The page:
School cuts down on its trash | mumbai | Hindustan Times
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School cuts down on its trash

The next time you pass by St Joseph’s High School, Wadala, don’t be surprised if you see the students carrying cloth bags. Following a waste audit conducted last September, the school has been encouraging all students to use cloth bags and shun plastic.

mumbai Updated: Mar 30, 2012 01:58 IST
Nikhil M Ghanekar

The next time you pass by St Joseph’s High School, Wadala, don’t be surprised if you see the students carrying cloth bags. Following a waste audit conducted last September, the school has been encouraging all students to use cloth bags and shun plastic.

The audit showed that the school was generating 287 kg of waste in a week, which comprised paper, plastic, food, soil, wood, scrap and metal. The paper waste weighed around 74 kg, while the plastic waste was 83 kg.

Students from Class 1 to Class 10 conducted the waste audit to weigh the amount of garbage the school generated and adopted simple methods to manage and dispose it off in an eco-friendly way.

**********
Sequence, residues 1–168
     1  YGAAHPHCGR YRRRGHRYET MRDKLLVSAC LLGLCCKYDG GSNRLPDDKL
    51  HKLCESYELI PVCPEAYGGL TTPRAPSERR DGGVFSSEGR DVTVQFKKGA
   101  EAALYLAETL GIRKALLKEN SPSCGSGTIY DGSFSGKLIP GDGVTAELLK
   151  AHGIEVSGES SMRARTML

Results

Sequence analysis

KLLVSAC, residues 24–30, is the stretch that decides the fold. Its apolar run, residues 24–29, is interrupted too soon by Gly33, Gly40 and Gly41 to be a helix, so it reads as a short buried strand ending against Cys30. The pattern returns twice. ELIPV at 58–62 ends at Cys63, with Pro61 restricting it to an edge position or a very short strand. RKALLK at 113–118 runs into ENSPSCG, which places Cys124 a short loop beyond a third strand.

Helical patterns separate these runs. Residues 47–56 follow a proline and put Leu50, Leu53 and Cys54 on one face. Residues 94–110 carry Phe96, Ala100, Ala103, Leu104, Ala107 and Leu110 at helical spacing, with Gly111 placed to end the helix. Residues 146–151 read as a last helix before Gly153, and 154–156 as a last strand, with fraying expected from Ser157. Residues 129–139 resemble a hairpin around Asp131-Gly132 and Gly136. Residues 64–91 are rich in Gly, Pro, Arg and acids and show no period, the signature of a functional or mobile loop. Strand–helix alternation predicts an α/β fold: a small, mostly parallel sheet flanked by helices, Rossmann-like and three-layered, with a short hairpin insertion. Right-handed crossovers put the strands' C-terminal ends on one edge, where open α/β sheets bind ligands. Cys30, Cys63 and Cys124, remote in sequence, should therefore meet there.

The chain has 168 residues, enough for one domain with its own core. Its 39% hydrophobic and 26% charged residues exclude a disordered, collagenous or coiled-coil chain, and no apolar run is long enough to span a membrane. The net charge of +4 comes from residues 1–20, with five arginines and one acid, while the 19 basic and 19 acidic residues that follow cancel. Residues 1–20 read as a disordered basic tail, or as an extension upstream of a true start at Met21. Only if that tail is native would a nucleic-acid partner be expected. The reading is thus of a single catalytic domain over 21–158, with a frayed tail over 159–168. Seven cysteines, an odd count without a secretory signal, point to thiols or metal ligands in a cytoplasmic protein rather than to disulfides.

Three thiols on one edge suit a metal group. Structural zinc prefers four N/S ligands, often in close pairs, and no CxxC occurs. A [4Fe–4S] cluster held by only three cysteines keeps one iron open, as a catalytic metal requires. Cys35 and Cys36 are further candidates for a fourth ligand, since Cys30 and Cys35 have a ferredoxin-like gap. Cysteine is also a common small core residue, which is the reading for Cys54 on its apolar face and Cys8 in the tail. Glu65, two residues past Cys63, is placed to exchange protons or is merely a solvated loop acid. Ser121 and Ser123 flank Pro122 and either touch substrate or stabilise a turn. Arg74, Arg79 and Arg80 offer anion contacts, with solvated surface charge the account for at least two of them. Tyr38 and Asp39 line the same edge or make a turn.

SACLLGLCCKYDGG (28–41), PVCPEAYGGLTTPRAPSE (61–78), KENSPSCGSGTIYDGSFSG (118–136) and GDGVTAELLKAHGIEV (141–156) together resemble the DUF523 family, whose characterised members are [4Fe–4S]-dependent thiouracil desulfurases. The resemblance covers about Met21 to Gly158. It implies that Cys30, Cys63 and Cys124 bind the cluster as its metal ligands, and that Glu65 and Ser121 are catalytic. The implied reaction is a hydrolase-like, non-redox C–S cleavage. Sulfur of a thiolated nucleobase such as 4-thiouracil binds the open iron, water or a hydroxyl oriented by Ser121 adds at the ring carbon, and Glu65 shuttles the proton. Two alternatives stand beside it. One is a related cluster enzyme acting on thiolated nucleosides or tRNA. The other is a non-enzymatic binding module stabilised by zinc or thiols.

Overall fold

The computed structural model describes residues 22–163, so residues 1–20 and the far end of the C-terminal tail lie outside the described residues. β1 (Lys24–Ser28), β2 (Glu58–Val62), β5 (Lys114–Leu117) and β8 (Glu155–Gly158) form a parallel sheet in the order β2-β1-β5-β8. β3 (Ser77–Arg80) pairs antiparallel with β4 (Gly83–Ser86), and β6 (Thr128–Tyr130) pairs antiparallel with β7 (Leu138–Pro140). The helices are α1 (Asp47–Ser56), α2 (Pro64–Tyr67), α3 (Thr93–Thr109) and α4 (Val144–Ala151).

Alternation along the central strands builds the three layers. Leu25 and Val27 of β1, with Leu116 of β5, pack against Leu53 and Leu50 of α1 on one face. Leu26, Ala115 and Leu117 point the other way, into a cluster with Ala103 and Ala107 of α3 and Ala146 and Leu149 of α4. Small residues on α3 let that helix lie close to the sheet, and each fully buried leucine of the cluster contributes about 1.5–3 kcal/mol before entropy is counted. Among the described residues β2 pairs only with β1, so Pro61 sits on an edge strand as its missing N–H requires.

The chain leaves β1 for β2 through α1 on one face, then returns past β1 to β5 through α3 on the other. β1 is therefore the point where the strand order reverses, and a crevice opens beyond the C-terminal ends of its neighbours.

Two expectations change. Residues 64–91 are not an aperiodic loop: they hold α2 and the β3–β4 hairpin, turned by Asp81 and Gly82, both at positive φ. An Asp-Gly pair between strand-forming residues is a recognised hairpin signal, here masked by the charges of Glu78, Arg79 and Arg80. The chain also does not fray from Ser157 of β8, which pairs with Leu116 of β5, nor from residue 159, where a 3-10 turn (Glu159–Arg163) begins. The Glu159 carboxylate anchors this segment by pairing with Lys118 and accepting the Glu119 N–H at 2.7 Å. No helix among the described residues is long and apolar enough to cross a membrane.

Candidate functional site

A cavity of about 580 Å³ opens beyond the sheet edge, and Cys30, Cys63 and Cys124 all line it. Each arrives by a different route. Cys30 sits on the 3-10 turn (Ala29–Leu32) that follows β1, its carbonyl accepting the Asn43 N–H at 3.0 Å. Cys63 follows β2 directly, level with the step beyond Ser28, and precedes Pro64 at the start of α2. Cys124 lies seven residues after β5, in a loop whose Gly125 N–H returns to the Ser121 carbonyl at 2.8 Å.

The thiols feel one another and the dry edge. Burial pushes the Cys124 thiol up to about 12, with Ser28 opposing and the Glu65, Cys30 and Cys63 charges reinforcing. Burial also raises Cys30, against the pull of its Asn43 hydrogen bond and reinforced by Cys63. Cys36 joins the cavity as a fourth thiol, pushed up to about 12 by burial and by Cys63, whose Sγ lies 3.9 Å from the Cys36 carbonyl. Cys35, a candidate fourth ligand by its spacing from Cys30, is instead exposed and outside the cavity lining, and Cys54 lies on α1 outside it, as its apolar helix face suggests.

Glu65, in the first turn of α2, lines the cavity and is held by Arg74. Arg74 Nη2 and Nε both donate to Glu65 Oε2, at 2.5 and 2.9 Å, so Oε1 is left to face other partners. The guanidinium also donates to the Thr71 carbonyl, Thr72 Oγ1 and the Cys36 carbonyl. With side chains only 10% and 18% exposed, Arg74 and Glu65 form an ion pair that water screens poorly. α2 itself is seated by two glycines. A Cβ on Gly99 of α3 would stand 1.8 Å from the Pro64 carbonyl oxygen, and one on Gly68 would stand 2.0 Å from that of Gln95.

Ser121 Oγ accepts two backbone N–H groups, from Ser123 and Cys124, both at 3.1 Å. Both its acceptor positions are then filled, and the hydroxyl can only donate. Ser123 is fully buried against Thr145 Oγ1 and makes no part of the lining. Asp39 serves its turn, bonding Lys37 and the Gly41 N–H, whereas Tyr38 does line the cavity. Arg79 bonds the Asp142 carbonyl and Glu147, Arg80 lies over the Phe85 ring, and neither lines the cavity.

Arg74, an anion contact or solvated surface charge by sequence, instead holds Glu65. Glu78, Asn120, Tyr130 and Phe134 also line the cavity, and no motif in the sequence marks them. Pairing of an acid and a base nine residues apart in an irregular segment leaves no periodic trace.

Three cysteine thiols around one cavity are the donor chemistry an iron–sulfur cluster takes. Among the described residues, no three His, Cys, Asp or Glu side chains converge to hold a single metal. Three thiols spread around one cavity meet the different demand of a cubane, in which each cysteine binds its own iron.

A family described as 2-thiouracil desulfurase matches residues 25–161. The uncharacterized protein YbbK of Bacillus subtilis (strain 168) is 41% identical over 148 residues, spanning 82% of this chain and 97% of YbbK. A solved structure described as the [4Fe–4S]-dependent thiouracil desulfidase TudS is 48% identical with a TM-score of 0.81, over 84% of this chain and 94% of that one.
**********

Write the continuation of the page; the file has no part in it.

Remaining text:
The waste audit programme was part of a GreenLine campaign. GreenLine is the environment forum of the Don Bosco Development Society, and it awarded the school the Greenest School award on March 16 for efficient waste management.

“We followed a clear plan to segregate plastic, paper and food waste. Plastic and paper waste are sold to scrap dealers while food is used to make compost in the school premises. We did not want paper and plastic to go to the dumping yard, as it is eventually burnt,” said Neel Mehta, a Class 9 student.

The school cut down its use of plastic and stopped using thermocol. “After the audit, the students organised ‘trash talks’, where seniors briefed the juniors on cutting down on the use of plastic and wastage of paper,” said Sunita D’souza, a primary teacher.

The school also started saving unused water from the students’ water bottles. “We placed buckets outside each classroom to collect water that students usually throw away while leaving school. The water is used in the garden,” D’souza said.

GreenLine organisers plan to take the campaign to municipal schools next. “The entire school was dedicated in their waste audits and water-saving initiatives. The activities were not limited to the nature club. They converted an unused garden into a vegetable garden. The activities were varied and involvement was complete, which is impressive,” said Savio Silveira, director, GreenLine.